CBNNews.com - A new study published in the Journal of the American Medical Association found that obese women are more likely to have children with birth defects.
British researchers found that the birth defects may include spina bifida, heart problems and cleft palate.
Dr. Emily Gelson of London's Imperial College said the risk factors must be highlighted during pregnancy to promote timely diagnosis of heart disease in pregnant women.
"Only by raising the profession's awareness of the possibility of heart disease in pregnant women will this alarming rise in the maternal mortality rate be arrested, and preferably, reversed," she said.
Obesity is also a strong link to type 2 diabetes, which establishes a greater risk for birth defects.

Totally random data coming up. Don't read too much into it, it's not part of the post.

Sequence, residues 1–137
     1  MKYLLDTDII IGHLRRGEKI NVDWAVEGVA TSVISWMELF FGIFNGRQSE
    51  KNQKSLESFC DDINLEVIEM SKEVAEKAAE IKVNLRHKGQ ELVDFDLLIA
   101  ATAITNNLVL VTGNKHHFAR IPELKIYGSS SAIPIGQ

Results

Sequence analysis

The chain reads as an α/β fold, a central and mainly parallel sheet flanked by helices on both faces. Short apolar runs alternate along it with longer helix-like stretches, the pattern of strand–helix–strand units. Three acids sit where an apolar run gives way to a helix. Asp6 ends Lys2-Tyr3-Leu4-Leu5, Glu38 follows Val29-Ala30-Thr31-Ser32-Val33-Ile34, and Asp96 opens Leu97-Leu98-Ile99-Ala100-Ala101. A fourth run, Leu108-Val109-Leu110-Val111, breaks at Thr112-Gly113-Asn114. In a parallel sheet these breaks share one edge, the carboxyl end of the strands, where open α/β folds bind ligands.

The president of the Royal Society of Medicine's Maternity & the Newborn Section also warned that by the time an obese woman becomes pregnant the damage is already done.
"Once an obese woman is pregnant, she and her baby already run a greater risk to their health," said Dr. Eugene Oteng-Ntim.
Some doctors say the government should do more to promote these health risks to women.
Oteng-Ntim blamed the government obesity campaigns for not paying enough attention to what he calls "one of the most important groups in the population."
"Obesity problems begin before conception and pregnancy is certainly not the time to start trying to lose weight," he added.
Professor Philip Steer, president of the RSM's obstetrics & gynaecology section, said there are public warnings about health risks of pregnancy but not in relation to obesity.
"We've had warnings on cigarette packets telling us that smoking can harm the unborn baby as well as the mother," he said. "But there seems to be little effort made to warn mothers about the risk obesity poses to mother and child."
An estimated one in six pregnant women in Britain is now overweight or obese.
Sources: USA Today, Daily Telegraph, CBN News